When entering the rental landscape, a standard question people ask themselves is, for how long? Is this the job that will last a lifetime? Is this a property you can manage for the next thirty years, forty? Maybe it is. There are plenty of reasons that people decide to sell their rental property. They can be looking at a new one that they are interested in and don’t want to juggle too many properties. Maybe they are ready to retire, or simply cannot afford the property anymore. As a landlord, you could just be ready to let go and move on. Whatever reasons you have are personal, and that is okay. Now that the decision has been made, you have to ask, how do you sell a property with existing tenants?
Step One: The Homework
Wild laws are everywhere, which is why before any big decision (or small one, to be fair) you should check to make sure. You don’t want to put a new fence on your property only to find out that kind of property guard is illegal in your area. While that may be an extreme example, checking with a local lawyer will help you in the long run. There may be laws about how far ahead you need to tell tenants about your plans, or how to tell them.
Step Two: The Confessional
Perhaps the most emotionally taxing part of this effort (excluding the taxes, or the general hellscape that is selling a property) is admitting to your tenants that you’re planning to sell. It may be great news for you! To them, however, they may be hearing ‘I’m kicking you out’ or ‘I’m abandoning our lease’ whether that is what you are saying or not. Arrange a time to meet and sit down with your tenants, as they are going to have questions. There are a few topics that will need to be covered, such as but not limited to:
- Are you asking them to move, or move early?
- Are they interested in buying the property for themselves?
- Are you selling the home with the lease as is?
- Will the next landlord expect them to move, or will that be worked out?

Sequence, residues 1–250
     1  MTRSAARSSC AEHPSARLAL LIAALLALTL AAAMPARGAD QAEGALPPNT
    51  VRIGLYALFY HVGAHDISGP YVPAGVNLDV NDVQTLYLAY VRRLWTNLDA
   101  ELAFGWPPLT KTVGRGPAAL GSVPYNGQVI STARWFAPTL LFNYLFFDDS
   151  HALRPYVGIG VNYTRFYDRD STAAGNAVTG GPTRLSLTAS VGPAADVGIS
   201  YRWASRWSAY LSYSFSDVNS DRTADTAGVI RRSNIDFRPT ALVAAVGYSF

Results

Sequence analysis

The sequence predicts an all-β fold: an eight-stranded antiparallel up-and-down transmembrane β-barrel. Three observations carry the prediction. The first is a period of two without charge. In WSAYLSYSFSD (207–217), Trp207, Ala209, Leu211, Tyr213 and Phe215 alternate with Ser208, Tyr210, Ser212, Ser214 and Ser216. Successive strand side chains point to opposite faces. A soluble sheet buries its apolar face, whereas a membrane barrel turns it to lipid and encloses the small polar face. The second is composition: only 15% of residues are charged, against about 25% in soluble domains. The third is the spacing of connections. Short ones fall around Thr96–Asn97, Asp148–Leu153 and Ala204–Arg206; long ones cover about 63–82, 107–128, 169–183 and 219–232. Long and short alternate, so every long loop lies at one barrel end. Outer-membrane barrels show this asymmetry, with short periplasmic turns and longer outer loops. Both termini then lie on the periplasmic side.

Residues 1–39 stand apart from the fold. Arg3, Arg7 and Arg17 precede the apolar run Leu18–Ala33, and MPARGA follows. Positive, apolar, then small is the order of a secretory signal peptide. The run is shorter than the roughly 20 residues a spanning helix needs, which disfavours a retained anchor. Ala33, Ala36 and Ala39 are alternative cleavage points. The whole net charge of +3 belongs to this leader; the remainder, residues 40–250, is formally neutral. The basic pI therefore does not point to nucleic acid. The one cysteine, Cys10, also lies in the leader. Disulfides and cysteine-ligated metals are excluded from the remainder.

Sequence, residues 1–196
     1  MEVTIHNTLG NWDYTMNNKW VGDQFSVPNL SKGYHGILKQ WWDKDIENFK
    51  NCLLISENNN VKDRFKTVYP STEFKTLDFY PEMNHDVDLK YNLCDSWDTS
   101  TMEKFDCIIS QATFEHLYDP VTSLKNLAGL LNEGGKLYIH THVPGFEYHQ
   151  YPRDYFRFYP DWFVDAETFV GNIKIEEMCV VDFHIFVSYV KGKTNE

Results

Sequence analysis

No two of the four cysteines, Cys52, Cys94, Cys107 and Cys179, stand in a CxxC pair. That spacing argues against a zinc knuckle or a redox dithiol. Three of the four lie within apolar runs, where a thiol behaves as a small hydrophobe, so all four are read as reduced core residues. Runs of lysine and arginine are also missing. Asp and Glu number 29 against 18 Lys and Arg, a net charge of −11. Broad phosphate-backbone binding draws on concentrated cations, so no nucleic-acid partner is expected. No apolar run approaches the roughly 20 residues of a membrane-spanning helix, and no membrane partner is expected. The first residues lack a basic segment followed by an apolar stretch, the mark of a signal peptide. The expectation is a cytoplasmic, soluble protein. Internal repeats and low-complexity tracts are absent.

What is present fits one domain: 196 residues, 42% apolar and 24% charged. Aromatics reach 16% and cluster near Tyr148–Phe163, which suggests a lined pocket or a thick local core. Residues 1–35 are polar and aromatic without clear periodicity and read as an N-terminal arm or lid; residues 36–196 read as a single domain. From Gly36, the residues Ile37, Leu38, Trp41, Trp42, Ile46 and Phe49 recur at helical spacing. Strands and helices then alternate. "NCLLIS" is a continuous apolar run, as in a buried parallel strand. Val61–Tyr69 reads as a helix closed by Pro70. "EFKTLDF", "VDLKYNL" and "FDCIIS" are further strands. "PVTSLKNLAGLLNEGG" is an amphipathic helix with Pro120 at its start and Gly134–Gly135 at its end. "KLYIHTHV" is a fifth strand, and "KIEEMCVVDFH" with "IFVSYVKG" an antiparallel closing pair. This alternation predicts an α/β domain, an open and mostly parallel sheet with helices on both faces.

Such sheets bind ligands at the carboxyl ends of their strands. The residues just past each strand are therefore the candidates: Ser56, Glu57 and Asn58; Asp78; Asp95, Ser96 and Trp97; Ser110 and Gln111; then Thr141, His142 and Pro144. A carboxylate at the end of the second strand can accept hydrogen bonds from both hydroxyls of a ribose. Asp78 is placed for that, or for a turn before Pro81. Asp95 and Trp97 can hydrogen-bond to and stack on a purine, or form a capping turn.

The smoother this conversation goes, the better. You are telling tenants that you are selling their home, it can feel like pulling the rug out from under them. You can either give them the time to prepare as they truly need, or comfort them with the knowledge that they get to stay right where they are if they so wish.
Step Three: The Premiere
Showtime needs to be scheduled when you have tenants trying to go about their relatively day to day life. You can’t simply intrude on them whenever you feel like it – this is still their home and may be so for the foreseeable future. As a landlord, you still need to respect privacy laws (and code of simple human decency). It is important to have a protocol for how the home will be displayed to potential buyers and when. Work with your tenants to have a schedule and tell them the expectations for what the property should look like when being shown.
Consider providing an incentive to the tenants. If they’re showing signs of being disgruntled and unruly, give them a reason to abide by your needs. That means rewarding them for keeping the property clean and appealing when showing and being cooperative. This could be something as small as a gift card to the local grocery store, a discount on their rent, or other tokens of appreciation.
Selling your rental property doesn’t need to work in the tenants’ favor. The process is for you, not them, but getting what you need and want from the sale will be easier with the tenants on your side. If you follow the right steps, maybe everyone can be happy.
Have you ever sold an occupied rental property? How did that go? Let us know in the comments!